Vaccine Not FDA-Approved for Kids Under Five
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Vaccine Not FDA-Approved for Kids Under Five

Government regulators want more information before approving the Pfizer and BioNTech Vaccine for those under five.

Parents nationally have generally been slow to accept the vaccine for children aged five to 11.
Parents nationally have generally been slow to accept the vaccine for children aged five to 11.

Parents will have to wait until at least early in April to learn whether their children under five will need three shots to be protected against COVID-19.

A delay in approving the vaccine from Pfizer and BioNTech for young children came Feb. 11 after the FDA said they needed more data. That is when the two companies pulled their application for approval to vaccinate children under five from the Food and Drug Administration.

Many had expected the FDA to approve the company’s two-shot dosage, even though a study of children ages two through four released in December, showed that the vaccine produced only 60 percent of the antibodies as compared to levels in older teens and young adults.

In Georgia, less than 10 percent of children between the ages of six and 11 are fully vaccinated against COVID.

In a prepared statement, the pharmaceutical manufacturers maintained that a third shot may be needed for the 18 million children in America under five.

According to a spokesman for the manufacturer, “Given that the study is advancing at a rapid pace, the companies will wait for the three-dose data as Pfizer and BioNTech continues to believe it may provide a higher level of effectiveness in this age group.”

Since the vaccine was approved for children ages five to 11 nearly four months ago federal government statistics show only about 50,000 to 75,000 doses are being administered each day. According to a study in January 2022 by the Kaiser Family Foundation, only 18.8 percent of that age group are fully vaccinated and only 28.1 percent have received at least one dose.

In Georgia, where on Feb. 14 Governor Brian Kemp announced plans to support legislation to give parents, not educators, the right to decide if children must wear masks in school, those numbers were much lower. According to federal data of the state of Georgia, the Kaiser study showed only 9.2 percent had two shots and only 16.7 percent had one shot. In the neighboring state of Alabama only 5.3 percent of children in the age group were fully vaccinated.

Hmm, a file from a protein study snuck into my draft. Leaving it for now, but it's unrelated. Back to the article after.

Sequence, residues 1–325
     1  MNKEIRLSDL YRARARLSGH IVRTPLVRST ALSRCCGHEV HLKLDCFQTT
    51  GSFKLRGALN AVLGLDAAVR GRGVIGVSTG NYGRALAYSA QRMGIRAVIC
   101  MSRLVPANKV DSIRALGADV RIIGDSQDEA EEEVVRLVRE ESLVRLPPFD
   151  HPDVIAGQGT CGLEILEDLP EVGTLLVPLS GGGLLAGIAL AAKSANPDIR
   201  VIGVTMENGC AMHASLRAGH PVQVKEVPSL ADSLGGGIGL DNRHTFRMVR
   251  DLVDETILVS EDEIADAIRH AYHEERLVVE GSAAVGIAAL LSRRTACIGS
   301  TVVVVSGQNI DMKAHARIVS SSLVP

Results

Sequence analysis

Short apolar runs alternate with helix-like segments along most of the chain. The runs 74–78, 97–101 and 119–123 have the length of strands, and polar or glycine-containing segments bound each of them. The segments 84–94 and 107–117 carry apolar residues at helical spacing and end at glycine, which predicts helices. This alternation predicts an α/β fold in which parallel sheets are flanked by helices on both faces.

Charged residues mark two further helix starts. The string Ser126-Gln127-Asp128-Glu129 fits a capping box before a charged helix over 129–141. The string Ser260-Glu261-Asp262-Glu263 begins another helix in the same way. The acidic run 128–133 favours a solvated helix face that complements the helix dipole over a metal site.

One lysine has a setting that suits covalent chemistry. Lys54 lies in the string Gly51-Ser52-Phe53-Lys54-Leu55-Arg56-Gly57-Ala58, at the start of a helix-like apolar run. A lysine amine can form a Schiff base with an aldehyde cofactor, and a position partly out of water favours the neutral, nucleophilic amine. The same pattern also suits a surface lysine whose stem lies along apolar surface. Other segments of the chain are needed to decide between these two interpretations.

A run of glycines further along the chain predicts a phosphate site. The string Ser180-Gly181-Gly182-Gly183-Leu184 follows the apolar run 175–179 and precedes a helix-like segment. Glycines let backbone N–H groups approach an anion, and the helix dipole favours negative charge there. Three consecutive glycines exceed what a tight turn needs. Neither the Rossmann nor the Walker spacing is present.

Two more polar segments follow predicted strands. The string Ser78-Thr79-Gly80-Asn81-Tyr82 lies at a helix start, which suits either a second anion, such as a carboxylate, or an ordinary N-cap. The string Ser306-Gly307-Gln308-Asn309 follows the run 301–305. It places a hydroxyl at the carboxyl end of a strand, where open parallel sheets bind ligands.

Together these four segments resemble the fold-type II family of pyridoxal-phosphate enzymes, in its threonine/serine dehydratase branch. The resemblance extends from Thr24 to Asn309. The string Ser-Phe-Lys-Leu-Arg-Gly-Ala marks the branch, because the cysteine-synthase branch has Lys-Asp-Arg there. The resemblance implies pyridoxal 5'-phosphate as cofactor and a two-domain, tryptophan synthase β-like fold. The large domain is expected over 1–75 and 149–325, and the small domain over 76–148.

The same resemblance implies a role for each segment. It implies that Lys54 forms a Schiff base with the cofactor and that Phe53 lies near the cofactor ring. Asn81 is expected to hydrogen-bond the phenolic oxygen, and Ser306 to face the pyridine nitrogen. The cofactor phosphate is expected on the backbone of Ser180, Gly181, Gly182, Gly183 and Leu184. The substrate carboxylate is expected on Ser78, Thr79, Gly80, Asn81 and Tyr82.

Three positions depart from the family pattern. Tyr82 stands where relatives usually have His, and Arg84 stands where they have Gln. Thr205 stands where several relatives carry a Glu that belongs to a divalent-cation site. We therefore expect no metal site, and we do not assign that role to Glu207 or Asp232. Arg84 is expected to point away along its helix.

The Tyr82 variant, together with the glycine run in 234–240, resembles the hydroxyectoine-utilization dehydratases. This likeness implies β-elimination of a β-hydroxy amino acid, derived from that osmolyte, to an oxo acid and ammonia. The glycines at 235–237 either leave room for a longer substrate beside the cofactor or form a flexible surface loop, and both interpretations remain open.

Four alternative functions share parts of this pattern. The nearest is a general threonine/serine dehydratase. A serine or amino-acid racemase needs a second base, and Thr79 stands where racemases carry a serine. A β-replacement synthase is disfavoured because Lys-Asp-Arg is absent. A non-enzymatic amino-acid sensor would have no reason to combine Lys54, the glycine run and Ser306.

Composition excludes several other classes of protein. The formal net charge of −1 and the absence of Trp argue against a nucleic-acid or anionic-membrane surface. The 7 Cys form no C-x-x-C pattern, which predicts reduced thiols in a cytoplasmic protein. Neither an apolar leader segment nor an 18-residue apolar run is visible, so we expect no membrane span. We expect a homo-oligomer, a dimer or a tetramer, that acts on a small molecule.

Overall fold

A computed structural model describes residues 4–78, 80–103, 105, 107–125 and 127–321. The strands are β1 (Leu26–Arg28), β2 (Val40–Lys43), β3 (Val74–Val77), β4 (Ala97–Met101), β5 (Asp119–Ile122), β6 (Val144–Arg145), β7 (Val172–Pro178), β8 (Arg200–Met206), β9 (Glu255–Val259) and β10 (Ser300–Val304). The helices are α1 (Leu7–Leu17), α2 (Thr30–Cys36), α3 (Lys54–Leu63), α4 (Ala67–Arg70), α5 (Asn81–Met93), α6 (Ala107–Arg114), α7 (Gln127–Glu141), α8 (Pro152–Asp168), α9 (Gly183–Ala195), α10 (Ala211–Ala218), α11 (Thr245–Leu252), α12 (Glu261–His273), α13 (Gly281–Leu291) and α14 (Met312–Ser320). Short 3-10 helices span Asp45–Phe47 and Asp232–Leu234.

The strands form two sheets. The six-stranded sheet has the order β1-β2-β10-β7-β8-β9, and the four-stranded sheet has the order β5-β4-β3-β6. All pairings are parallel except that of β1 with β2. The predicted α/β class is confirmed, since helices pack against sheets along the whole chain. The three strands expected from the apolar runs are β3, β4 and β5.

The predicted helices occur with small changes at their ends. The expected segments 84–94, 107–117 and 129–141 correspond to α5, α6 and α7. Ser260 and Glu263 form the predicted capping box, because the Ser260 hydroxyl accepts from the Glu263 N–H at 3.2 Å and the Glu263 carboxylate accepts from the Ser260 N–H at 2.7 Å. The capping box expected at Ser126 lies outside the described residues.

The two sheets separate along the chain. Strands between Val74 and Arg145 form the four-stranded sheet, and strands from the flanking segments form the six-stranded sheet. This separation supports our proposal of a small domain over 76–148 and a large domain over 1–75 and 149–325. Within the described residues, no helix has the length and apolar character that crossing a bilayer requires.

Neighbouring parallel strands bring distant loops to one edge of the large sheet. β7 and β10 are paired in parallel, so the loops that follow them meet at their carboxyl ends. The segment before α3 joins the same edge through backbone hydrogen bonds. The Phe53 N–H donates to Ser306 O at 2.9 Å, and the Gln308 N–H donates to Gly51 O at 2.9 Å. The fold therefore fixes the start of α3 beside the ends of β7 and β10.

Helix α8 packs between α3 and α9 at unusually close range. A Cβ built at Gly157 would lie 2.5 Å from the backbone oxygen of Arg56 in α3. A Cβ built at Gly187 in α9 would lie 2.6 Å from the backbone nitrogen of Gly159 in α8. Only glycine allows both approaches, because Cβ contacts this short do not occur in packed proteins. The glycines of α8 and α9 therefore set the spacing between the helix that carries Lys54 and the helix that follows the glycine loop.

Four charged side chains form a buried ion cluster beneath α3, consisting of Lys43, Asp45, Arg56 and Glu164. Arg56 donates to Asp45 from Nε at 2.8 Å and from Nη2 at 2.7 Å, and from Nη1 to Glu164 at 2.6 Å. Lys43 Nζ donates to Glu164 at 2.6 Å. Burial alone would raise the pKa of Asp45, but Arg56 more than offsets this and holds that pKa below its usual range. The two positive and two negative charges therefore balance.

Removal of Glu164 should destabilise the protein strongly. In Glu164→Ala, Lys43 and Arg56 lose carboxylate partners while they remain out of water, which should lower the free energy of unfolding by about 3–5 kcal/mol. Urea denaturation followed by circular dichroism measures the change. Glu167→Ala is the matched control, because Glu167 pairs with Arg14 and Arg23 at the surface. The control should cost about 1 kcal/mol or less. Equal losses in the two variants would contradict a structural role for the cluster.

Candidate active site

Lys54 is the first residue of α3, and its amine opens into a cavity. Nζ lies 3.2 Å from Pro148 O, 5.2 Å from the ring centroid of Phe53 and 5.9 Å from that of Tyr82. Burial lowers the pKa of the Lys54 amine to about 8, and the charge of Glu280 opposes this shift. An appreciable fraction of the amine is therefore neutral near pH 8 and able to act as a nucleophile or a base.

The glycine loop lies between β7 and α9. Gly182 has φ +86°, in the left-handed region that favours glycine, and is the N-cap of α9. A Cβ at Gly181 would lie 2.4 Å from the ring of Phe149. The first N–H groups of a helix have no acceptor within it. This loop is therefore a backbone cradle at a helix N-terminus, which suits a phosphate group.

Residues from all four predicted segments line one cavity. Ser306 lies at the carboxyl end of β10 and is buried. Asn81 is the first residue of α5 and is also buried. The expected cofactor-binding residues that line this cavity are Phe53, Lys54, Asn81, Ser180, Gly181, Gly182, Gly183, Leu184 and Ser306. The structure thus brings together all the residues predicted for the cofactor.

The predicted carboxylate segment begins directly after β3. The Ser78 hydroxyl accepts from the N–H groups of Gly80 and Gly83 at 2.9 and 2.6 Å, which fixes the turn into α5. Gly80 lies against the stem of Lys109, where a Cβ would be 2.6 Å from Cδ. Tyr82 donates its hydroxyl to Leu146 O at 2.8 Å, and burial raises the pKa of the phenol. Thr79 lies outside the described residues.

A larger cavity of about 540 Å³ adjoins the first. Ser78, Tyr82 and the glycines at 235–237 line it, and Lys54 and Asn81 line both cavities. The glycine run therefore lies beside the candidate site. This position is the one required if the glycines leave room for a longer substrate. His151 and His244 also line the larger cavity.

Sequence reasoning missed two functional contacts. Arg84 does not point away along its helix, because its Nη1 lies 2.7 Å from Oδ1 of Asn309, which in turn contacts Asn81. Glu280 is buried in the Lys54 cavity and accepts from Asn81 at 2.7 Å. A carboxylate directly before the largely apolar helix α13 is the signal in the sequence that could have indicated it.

According to the CDC, no vaccine yet has been authorized for children 4 and younger.

According to Dr. Howard Silverman at Roswell Pediatric Center, the group practice of 16 physicians, has given out about 4,000 COVID shots.

He says that the parents of most of the children in the five to 11 age group prefer to consult a physician for counseling rather than getting the shots at a local pharmacy.

He points out that he frequently must explain the benefits of the shots for those who are hesitant to agree to have their children receive them. “There has been resistance for the older kids, and the younger kids. You get those who are very interested, but you also get those who say, ‘you are not doing that to my child,’ and there are those who want to wait a month or two. It’s an attitude that really doesn’t change whether you are talking about the 16 and older age group, the 12- to 16-years-olds or those five- to 11-years-old. It has been the same case all the way around.”

Some health observers fear interest in the vaccine may wane even further as the number of serious cases in children continues to drop. Silverman says that February has been far better than the end of last year and January of this year.

Silverman added, “Things have improved dramatically. The Omicron variant looks like it has been mild in pediatric patients. We have admitted a few young patients to the hospital with respiratory conditions, usually for a couple of days and they’ve gone home. But the overwhelming number of patients that we’ve seen, and we’ve seen a lot of patients with COVID, have had coughs, congestion, sore throat, fever just those kinds of symptoms.”

Even though some children have developed COVID without apparent symptoms, studies have shown that they have the potential to spread the virus as effectively as adults.

Because of that Dr. Evan Anderson, a pediatrician who runs the Vaccine Research Center for Children’s Healthcare of Atlanta was among those who was an early proponent of COVID vaccines for children. Not just for the protection it gives them but for how they may help to dampen the spread of the virus.

He told a medical writer for Emory University this month that children are a prime source of infection in the home. He said, “Among the most important methods of COVID-19 transmission are from inside the household and from household visitors. Having a vaccine available for our children will have the potential to significantly impact transmission to parents, grandparents and other adults.”

Today’s dangerously high drop in child COVID vaccinations is in sharp contrast to a time just ten months ago when Anderson was beginning the first clinical trials of the vaccine on five- to 11-year-olds. In May 2021 when he called for 400 children as volunteers for the research, there were 2,000 applicants.

With questions about the effectiveness of the vaccine among preschoolers still lingering, and the possibility that it may require three shots instead of two to protect them, parents could continue to resist having their children vaccinated. Which may mean that efforts to add those under five years old to those Americans who are protected against the infection this spring, may face significant new challenges.

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